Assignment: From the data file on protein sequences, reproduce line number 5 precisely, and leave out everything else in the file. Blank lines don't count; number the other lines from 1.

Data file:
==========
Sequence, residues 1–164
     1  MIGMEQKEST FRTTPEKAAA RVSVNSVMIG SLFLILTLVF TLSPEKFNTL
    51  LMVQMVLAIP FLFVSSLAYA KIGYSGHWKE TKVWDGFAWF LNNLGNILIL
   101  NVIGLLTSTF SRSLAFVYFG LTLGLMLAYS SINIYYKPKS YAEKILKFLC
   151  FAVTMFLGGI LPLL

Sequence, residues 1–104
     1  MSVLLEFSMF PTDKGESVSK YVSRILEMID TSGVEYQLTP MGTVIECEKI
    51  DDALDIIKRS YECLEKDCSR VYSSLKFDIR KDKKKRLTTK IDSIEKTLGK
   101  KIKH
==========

   151  FAVTMFLGGI LPLL